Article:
Ecomigration: Get Green by Becoming an Expat

In today’s difficult times, with the plummeting economy, jobs drying up and opportunities waning, there’s an endless list of reasons to relocate to somewhere that offers a brighter future. Here’s another reason: global warming.

ecomigration

That’s what Adam Fier and family decided before packing up and moving to New Zealand, according to the Washington Post. Fier, who is a former computer security professional at NASA, drew up a list of countries and regions which would fare better than others after 100 years of climate change. He decided that New Zealand was a much better fit for his family than the United States.

In fact, “eco-migration” has already become a serious reality throughout many parts of the world. Some residents of low-lying Pacific island nations are emigrating en masse due to rising sea levels. In Bangladesh, as storms, flooding and environmental disasters continue to increase year after year, millions of people have had to move elsewhere. Meanwhile, desertification continues to encroach upon Africans who are already plagued by drought and famine. And in the Phillipines, thousands have fled their homes due to deforestation.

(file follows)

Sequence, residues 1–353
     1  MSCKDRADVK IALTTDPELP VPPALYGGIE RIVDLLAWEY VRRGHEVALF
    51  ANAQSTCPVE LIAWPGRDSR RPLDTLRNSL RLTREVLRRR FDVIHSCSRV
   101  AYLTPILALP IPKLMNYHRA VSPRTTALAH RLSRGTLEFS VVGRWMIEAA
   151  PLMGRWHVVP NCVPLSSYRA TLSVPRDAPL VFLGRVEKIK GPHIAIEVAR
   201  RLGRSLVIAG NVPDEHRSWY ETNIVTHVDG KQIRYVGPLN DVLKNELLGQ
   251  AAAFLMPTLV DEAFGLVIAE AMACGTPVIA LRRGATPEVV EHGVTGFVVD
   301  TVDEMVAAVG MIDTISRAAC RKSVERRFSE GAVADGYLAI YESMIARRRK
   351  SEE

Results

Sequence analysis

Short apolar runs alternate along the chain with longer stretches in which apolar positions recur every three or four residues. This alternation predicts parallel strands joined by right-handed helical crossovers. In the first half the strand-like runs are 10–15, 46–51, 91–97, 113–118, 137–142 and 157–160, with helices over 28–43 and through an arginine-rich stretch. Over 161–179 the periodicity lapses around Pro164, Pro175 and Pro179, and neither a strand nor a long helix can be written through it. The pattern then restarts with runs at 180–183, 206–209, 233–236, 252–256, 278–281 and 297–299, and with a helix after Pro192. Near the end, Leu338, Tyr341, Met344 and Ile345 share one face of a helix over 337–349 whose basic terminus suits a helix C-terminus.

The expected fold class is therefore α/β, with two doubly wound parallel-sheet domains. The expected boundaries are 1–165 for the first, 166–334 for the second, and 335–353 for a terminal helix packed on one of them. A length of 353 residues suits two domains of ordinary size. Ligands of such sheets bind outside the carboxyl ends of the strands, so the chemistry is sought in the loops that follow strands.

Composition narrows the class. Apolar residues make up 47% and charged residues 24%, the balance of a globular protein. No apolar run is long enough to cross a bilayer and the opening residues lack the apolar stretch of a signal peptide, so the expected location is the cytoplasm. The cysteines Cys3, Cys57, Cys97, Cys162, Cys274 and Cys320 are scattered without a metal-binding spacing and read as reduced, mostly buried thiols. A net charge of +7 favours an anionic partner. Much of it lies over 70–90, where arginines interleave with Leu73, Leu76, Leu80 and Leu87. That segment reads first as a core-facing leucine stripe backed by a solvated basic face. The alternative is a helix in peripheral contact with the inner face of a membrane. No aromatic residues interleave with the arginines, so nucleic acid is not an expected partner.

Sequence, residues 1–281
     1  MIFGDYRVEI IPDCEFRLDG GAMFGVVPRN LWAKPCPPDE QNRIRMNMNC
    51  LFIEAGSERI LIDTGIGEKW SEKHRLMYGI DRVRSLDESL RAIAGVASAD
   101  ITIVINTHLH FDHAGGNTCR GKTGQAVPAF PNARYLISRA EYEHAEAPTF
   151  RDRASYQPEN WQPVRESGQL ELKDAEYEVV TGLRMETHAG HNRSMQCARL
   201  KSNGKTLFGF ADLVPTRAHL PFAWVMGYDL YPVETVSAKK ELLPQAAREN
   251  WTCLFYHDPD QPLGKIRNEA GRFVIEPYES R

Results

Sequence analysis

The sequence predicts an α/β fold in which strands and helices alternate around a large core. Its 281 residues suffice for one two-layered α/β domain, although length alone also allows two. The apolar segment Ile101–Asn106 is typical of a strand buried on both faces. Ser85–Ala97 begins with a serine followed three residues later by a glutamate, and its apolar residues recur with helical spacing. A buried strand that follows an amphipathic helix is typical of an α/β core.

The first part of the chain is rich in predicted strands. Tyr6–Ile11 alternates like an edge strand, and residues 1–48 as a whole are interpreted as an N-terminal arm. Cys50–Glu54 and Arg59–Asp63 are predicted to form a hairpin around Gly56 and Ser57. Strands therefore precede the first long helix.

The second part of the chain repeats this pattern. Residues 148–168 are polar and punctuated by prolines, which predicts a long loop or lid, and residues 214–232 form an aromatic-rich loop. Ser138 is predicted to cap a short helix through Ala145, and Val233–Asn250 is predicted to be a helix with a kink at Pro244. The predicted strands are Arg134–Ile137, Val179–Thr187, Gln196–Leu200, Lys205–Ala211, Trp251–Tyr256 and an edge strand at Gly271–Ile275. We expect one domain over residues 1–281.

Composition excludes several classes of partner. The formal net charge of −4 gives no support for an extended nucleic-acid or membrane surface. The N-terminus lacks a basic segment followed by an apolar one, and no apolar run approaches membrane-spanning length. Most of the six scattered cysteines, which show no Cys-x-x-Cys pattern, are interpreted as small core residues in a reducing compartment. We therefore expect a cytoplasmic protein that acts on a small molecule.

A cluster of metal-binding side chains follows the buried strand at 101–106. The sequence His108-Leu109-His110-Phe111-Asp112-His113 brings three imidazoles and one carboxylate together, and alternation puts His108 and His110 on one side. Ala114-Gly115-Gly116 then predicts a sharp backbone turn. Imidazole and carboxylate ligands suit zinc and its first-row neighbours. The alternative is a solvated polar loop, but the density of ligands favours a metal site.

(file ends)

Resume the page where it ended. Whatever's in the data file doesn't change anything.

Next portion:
All in all, there are an estimated 25 million “ecomigrants” around the globe, for one reason or another. With increased hurricanes, flooding and wildfires throughout various regions in the U.S., people here are starting to dream of greener pastures elsewhere too.

Of course, sheer desperation isn’t the only motivation for eco-migrating. For Adam Fier and family, avoiding the worst of global warming was only a small part of the decision to move. According to the article cited, nearly half of those who move to New Zealand do so for its “green environment”. It’s a world leader in renewable energy useage per capita, and it’s home to one of the world’s highest life expectancies.

Relocating to somewhere that helps you have less of an environmental footprint is as good a reason to move as any, and it’s something every future expat should take into consideration. Moving to somewhere for the cleaner air, clearer water and more predictable climate is good for you, but it’s only half as beneficial as living with a greener conscience too.

Image Credit: TopTechWriter.US at Flickr under a Creative Commons License

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